JL: Well, first of all, I’m at an age and I’m at a place where I don’t need any kind of real basics. If I go out shopping or I happen to be sent stuff, it’s not like I need basic stuff. I feel like I don’t really want to add to an already big wardrobe. That always feels a little excessive. But if there’s something interesting and it feels like a piece that’s got a real personality and almost a quality of artistic integrity—sometimes you find really old vintage pieces or a piece of tailor-made clothing that just feels like, “Wow, this is not a one-off but this feels very, very special.” It also has its own personality and you feel lucky to kind of have it in your life for a short period—I love acquiring those.
As for the silhouette you were just describing, I mean, that, to me, is the sort of classic ‘40s sort of style I’ve always just seen as from the movies and the movie stars of that period. I just thought they always looked great. High-waisted trousers, loose. I went through my 20s and 30s wearing very tight trousers like most people. I grew up in the sort of tail end of punk in London with bands like The Clash and The Dead Kennedys. And so, I don’t know, I just feel at my age now, I quite like wearing a looser trouser and a jacket, always, if it’s cut well, can so complement… It makes you feel very comfortable, but it also is elegant. I also love scarves. I feel like scarves have a kind of personality of their own right. They make you feel a little more, I don’t know, creative really.
Esquire: Would you say that you have a different approach when it comes to putting together something more casual for like a kind of off-duty day than you do when you are dressing up for a more formal one?
JL: Not anymore. I mean, like I said, I really became interested in finding comfort in the evening where, I mean, if I’m really honest with you, there was a period that luckily I was very slim, but I’d squeeze myself into stuff in the evening because it was all about… You know when Hedi Slimane was at Dior and everything was really tight? I was very into all of that. Now I’m sort of almost going in the opposite; I like things kind of comfy. So, to be honest, if it’s day wear, if it’s comfortable and it’s soft and warm, then I’ll go for that. And then in the evening, I try to do the same but just try and add an element of smartness, I suppose. So I don’t disrespect someone if I’m going somewhere where one has to wear a tie.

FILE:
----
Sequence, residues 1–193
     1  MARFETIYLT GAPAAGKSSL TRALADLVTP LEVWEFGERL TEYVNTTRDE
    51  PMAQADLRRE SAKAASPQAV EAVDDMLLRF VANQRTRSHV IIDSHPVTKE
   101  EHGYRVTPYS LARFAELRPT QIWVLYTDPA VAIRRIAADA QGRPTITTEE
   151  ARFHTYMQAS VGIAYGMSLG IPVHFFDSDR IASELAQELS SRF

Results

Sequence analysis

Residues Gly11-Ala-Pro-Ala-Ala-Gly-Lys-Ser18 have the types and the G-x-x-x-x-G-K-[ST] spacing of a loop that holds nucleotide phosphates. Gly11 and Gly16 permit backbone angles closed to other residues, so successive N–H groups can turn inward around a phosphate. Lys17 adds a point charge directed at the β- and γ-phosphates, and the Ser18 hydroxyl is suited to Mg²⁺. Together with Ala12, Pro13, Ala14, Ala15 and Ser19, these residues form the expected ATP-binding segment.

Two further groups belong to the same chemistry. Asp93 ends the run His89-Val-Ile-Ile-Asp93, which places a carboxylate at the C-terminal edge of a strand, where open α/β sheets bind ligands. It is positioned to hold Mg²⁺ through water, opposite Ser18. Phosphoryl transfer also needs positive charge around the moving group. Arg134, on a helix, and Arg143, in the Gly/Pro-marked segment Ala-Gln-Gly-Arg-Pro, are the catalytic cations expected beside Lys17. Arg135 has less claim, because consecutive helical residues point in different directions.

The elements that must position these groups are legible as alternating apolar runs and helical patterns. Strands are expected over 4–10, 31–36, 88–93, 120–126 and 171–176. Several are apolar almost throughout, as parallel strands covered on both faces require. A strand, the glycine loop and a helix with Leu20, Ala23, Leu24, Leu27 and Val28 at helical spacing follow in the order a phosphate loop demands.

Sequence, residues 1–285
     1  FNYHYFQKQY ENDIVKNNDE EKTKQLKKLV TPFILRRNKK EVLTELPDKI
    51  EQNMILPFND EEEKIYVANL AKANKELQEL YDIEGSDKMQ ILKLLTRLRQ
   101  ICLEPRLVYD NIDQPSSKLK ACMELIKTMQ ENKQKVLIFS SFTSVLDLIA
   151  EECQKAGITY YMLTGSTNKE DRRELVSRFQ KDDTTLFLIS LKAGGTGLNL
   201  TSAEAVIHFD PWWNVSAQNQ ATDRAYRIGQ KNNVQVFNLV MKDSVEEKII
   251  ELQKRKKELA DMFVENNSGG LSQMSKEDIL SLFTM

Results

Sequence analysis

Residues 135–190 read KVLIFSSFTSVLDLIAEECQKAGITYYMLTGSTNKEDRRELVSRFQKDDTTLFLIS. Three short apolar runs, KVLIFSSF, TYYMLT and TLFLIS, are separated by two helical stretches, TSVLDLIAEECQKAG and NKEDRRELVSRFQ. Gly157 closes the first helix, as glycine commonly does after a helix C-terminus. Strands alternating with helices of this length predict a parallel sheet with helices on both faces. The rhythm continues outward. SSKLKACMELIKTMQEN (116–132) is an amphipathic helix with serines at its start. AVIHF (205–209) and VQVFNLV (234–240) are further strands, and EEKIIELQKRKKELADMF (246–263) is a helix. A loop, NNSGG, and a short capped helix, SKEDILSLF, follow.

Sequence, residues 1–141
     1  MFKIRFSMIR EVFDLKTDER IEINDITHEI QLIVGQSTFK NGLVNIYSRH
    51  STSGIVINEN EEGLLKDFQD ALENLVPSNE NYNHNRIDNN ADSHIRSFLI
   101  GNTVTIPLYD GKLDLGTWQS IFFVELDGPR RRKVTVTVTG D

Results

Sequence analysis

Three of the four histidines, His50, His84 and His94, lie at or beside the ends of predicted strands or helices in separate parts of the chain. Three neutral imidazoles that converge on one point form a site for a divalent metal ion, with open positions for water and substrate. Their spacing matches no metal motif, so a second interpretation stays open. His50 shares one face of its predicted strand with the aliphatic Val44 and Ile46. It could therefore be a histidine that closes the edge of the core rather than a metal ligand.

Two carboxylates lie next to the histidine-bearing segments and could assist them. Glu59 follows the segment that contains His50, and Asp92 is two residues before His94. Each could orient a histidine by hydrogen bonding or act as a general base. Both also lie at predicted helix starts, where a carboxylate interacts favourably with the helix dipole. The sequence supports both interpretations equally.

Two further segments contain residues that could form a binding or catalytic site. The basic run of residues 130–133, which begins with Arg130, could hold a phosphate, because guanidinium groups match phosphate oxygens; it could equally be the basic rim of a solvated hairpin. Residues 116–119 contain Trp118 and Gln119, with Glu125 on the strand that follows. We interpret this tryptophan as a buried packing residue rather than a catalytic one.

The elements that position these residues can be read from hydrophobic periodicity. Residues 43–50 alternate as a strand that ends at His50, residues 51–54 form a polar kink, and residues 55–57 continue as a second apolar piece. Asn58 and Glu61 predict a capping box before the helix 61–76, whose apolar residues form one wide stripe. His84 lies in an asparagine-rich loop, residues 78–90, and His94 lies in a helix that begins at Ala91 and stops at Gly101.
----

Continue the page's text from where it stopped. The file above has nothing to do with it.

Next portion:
Esquire: You mentioned those kind of standout pieces that speak to you emotionally. Are there any pieces that you have that are treasured to the point where you don’t think you would, for instance, let your son borrow them?
JL: Yeah, I’ve got lots of pieces I wouldn’t let anyone borrow. The only person who really wears most of—well, she doesn’t actually, but she wears a few—is my wife because she’s taller than me and she just looks phenomenal in everything. So she kind of wears whatever she wants to wear. My son, yeah, maybe not. [Laughs] I’ve got a couple of these pieces that—there’s this brilliant British designer called By Walid, and he uses and sources incredible vintage material from around the world and repurposes it into these exquisitely cut jackets and trousers.
I love just the fact that he’s using repurposed stuff and I love the fact that most of the jackets and the material on them are completely one-off unique. So I’ve got a few of his clothes. And he, in fact, made the suit that I got married in and it was the most exquisite, beautiful, repurposed material. It was amazing. They’re like pieces of art and I kind of don’t wear them myself. I kind of leave them. I’ve got to figure out what I’ve got to do one day with them but I love them.
Esquire: What’s the discovery process for you like with something like that? How do you tend to find out about new and interesting designers or items and decide to bring them into your wardrobe?
JL: I mean, I’m not someone who trolls shops. I have a couple of shops I pop into and leave very, very quickly. I don’t particularly like shopping. But I know a couple of key things I really like, and I’ve got a couple connections at those places—very, very good friends now, who I trust. So I’ll go in and we’ll have a catch up and a cup of coffee and then they’ll show me some stuff. I rely on my daughter and my son quite a lot. I guess they both see it as an expression of themselves. And so my daughter, who’s studying textile at Central Saint Martins, has really got a finger on the pulse of what and who is doing what and where and when.
But a lot of the really young people stuff, understandably, doesn’t really suit me, but I’m curious to know what’s coming up. I guess Walid came about through a guy I know here who works in the fashion business and I have… I sometimes feel like fashion should be seen and not talked about. Do you know what I mean? It’s overly discussed, you suddenly start thinking, “Hold on. Are we really talking about a pair of trousers here?” And then sometimes it’s absolutely like the be all and end all like, “What is the difference between a cuff and a straight leg?” You know? So I couldn’t put my finger on it. It feels like a very organic process.
Esquire: You mentioned getting tuned into things from your kids. And I know that you said there are some things you wouldn’t let your son steal. Are there any things that he’s wearing that, maybe if you’re not going to steal it out of his closet, you might crib the idea from him for yourself?